Monday, July 9, 2007

Patience Again

’ve been pondering patience this past week, and how alien it seems to our spirits and hearts. We can speak much about our instant gratification culture, and much of that is true, but a lack of patience infects nearly everything we do at home, work and church.

My vicarage supervisor would say that most issues that arose in a congregation would “work themselves out.” Wisdom comes in knowing which ones will, and which situations need some gentle nudges. Less pious people sometimes observe that some problems work themselves out through the graveyard…or maybe that shows a spiritual maturity?

Exhibiting patience is difficult, perhaps one of the most difficult virtues to practice. It requires denying your emotions: your anger (however righteous it may be); your pride and arrogance; passion for truth and justice. It requires denying them and mastering them, for one cannot respond or wait in patience when all worked up about something. It requires faith to trust that our merciful and loving God is truly Lord of all, and holds all things in His hand. It means giving up our feeling and desire for control.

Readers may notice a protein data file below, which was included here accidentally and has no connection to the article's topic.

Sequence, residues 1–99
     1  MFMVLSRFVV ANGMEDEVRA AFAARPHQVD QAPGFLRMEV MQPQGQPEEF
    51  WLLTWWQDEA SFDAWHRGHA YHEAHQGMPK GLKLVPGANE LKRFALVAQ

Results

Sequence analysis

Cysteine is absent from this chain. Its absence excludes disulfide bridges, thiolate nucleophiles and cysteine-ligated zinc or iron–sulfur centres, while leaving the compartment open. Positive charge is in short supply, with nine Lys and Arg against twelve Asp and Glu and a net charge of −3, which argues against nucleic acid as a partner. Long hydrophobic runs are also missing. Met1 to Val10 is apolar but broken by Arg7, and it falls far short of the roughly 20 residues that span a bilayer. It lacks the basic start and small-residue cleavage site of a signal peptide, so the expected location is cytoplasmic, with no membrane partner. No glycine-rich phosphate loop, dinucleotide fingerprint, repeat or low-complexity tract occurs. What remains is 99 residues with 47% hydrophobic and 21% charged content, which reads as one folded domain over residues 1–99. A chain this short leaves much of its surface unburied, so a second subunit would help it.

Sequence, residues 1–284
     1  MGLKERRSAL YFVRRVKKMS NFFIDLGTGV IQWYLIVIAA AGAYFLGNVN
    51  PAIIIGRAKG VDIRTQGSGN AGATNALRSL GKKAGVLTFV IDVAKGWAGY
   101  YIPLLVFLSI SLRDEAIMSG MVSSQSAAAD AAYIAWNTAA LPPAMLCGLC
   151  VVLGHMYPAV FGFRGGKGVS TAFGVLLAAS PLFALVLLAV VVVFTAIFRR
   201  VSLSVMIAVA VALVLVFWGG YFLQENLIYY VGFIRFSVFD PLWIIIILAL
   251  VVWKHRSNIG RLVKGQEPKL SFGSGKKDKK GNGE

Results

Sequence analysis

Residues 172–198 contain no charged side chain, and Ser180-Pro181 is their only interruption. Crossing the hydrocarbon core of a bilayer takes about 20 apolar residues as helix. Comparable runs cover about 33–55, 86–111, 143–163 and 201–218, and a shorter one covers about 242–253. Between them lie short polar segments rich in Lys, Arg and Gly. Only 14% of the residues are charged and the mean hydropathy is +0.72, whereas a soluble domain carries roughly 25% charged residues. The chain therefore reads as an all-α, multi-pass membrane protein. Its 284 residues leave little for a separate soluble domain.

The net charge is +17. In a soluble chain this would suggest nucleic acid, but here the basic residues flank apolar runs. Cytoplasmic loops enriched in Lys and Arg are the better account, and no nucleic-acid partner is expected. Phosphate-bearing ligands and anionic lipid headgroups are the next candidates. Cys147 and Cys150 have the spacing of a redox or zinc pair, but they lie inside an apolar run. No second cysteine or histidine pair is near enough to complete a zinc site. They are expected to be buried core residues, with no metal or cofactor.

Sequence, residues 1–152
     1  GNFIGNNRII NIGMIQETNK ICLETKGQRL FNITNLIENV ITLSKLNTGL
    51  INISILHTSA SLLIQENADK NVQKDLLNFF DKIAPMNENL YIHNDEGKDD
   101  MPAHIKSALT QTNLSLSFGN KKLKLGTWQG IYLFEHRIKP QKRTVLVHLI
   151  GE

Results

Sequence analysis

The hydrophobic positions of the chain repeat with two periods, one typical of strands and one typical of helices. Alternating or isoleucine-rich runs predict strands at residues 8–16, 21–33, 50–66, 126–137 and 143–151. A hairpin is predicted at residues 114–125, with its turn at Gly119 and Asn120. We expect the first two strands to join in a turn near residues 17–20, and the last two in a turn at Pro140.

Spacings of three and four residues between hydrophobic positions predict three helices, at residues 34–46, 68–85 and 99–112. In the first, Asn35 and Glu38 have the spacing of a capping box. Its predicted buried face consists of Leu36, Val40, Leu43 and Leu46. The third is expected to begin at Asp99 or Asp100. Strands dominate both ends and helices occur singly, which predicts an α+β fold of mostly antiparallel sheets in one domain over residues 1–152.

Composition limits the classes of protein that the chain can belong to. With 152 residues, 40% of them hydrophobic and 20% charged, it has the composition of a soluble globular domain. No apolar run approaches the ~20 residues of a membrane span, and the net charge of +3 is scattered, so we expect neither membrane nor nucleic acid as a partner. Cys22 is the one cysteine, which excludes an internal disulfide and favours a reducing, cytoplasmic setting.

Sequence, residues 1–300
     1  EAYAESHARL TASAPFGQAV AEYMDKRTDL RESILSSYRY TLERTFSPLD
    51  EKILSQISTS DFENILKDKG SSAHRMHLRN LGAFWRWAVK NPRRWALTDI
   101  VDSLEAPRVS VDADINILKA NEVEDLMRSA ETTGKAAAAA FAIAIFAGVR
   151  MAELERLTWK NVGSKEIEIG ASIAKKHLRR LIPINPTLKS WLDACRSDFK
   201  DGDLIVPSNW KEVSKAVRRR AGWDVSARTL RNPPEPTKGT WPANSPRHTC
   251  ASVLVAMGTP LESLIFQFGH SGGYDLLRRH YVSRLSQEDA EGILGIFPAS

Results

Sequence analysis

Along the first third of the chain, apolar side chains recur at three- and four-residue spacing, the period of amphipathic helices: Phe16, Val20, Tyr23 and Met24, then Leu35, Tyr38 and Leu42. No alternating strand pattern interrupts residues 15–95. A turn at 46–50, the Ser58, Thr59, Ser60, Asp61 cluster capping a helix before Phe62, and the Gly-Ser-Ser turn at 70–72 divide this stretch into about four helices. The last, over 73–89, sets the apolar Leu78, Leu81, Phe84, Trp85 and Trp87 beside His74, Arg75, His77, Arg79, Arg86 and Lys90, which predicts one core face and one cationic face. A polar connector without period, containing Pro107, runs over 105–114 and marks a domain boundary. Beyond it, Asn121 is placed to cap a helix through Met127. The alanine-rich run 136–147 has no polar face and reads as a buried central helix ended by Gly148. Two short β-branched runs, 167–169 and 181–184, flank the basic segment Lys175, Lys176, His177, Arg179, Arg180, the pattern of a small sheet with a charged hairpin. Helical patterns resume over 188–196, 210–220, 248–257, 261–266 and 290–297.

But secular culture derides patience. It appears too much like inaction, like indecisiveness, lazy, and so it prizes the opposite. If one decides to actively cultivate patience, his peers will not approve.

And as the old observation goes, “If you pray for patience, God will give you very trying circumstances.” We say it tongue-in-cheek, but this observation is true–and serious. The virtues must be practiced and lived. One cannot be patient without adversity to withstand and pressure to act quickly. We cannot expect to grow in virtue without the opportunity to practice it, just as we cannot grow in any gift without using it. But perhaps it would be wise to first pray for God’s help in responding patiently to the circumstances we face right now.